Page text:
A Tale of Two Special Elephants

I am back from my mini-vacation and ready to roll out some new posts!  Thanks to all for the well-wishes!  I had a wonderful weekend with a special friend.  A few hours after getting home, unloading car, and relaxing a bit, I decided to see what was new on some of my go-to news sites.  Sigh.  I wish I were still on vacation.  Nothing good, nothing encouraging.  Today, as I try to transition back to the “real world”, I think I will save politics, the refugee crisis, Brexit, the Austrian election, and the Baghdad bombings for just a bit later and write about something I read that both touched my heart and made me smile.


Mosha was only seven months old when she lost her leg to a landmine in Thailand near the border with Myanmar.  Mosha was fitted with a prosthetic leg, but because she was so young, of course she kept growing and it wasn’t long before she had outgrown her prosthesis and needed a new one.  Mosha is now 17 and was just fitted for her ninth artificial leg!

Mosha2

Mosha gets a new leg!

Oh … did I mention that Mosha is an Asian elephant?  When she first lost her leg in 2006 she weighed around 1,300 pounds, and she now weighs in at over 4,000 pounds!  Even at that, she is still relatively small, as the average Asian elephant weighs approximately 11,000 pounds!  Mosha was the first, but not the last, elephant to receive an artificial limb.  After stepping on the landmine, Mosha was not recovering well, refusing food and shunning the company of other elephants.  Veterinarians at the Friends of the Asian Elephant Hospital in Thailand feared she would die soon.

But then a chance meeting with Dr. Therdchai Jivacate, who runs a clinic for human amputees, led him to create unique leg for her.  The leg, made from plastic, sawdust and metal, has been specially designed to cope with Mosha’s weight and allow her to move as freely as other elephants.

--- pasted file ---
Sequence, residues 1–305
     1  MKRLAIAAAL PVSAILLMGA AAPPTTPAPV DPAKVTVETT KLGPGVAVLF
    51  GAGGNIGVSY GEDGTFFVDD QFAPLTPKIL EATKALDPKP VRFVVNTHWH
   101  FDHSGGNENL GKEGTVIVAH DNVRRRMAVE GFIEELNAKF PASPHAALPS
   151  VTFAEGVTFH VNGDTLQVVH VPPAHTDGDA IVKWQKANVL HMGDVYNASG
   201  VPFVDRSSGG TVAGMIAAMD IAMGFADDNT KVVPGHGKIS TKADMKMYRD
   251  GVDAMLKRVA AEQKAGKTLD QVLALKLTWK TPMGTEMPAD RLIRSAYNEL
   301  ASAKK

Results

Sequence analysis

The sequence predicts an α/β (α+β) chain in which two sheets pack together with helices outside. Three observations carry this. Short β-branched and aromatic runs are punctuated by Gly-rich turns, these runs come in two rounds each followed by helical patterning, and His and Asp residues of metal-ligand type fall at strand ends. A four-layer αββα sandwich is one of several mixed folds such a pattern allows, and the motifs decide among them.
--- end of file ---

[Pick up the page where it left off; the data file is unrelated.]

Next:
Motala1.jpg

Motala gets a new leg

Another Asian elephant, Motala became the second prosthetic patient in 2009.  Motala lost her leg in 1999, also from stepping on a land mine.  Motala has not adapted to her artificial leg quite as well as Mosha, perhaps because of the 10-year period that she was without a leg, or perhaps because she is older than Mosha by about 40 years.

Eyes of Thailand is the short (2:44 minutes) trailer for a documentary that was made in 2012 showing Motala being fitted with her artificial limb.  If you have a couple of minutes, it is very touching and heart-warming … I think you will enjoy it.

Jivacate

Dr. Therdchai Jivacate with Mosha

Since opening in 1999, the Friends of the Asian Elephants Hospital has treated 15 elephant landmine victims.  Motala and Mosha would not likely be alive today were it not for the hospital and Dr. Therdchai Jivacate.  Dr. Jivacate did more than just create an artificial limb that allowed Mosha and Motala to survive, but he created an affordable artificial limb.  Before I tell you how much these prostheses cost, let me tell you that here in the U.S., an artificial human leg costs around $20,000.  So now, take a guess … you’ve seen the pictures … guess what Mosha’s leg costs?  You are not going to believe this.  $30 USD, or €27.  Yes, folks … he made the leg using discarded yogurt containers, sawdust and metal, and it is lightweight, comfortable, and cheap, which is important in a country where the average worker earns around $2 per day!

elephant paradeStill, keeping the elephants safe and healthy carries a cost.  In 2006, father and son Marc and Mike Spits were on vacation in Thailand and just happened to meet then-baby Mosha.  Inspired and wanting to help in some way, they created Elephant Parade, an open-air exhibition dedicated to saving the Asian elephant from extinction.  Elephant sculptures are donated by artists and after the display are auctioned by auction houses such as Christie’s or Sotheby’s.  Proceeds go to the Asian Elephant Foundation.  Motala and Mosha’s home, Friends of the Asian Elephant Hospital, was the first organization to receive funding from the Elephant Parade held in Rotterdam, the Netherlands, in 2007.  Since then, the exhibition has been held in Antwerp, Amsterdam, London, Copenhagen, Milan, Singapore and other venues.  Supporters of the cause include such notables as former London mayor Boris Johnson, Sarah, Duchess of York, Sir Evelyn de Rothschild, Goldie Hawn, Khloe Kardashian, Katy Perry, Tommy Hilfiger, Diane von Fürstenberg, Paul Sorvino and many others.elephant parade3

I found this video  on YouTube that is fun, showing Mosha with her artificial leg and the trainers trying to get her to climb a little hill, and then get her back in the pen.

My “two-thumbs-up” this week goes to Dr. Therdchai Jivacate, Elephant Parade, Friends of the Asian Elephant Hospital and its staff, and to Mosha and Motala!  See folks, there is a lot of good in the world … sometimes you just have to open your eyes and get past the garbage in order to see it.

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